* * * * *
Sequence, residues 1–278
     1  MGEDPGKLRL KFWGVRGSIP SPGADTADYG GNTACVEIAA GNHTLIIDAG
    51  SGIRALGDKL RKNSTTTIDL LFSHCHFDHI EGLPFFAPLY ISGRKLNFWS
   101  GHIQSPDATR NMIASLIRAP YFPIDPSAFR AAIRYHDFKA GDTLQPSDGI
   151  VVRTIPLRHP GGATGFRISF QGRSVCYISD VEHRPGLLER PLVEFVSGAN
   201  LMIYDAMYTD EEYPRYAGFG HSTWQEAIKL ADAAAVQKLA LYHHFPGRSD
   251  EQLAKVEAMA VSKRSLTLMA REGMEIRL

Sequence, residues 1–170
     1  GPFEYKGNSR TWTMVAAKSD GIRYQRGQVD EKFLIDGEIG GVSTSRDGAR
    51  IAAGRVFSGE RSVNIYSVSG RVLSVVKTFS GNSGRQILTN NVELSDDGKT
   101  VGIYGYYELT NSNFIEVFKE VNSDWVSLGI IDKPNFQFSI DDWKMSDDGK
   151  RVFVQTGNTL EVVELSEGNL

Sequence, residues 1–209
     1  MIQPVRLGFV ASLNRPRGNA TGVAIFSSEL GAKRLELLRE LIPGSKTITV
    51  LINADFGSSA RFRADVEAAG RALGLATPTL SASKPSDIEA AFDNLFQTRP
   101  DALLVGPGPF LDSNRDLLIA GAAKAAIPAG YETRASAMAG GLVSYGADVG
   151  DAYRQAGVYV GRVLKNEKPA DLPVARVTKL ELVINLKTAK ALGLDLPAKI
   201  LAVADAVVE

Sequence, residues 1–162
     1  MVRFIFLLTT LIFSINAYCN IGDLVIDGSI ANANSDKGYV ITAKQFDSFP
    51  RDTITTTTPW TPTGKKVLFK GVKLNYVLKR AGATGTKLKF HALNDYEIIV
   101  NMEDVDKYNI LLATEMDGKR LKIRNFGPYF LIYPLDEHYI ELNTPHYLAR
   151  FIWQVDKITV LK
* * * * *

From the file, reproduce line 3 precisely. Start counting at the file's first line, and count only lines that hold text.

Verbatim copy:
    51  SGIRALGDKL RKNSTTTIDL LFSHCHFDHI EGLPFFAPLY ISGRKLNFWS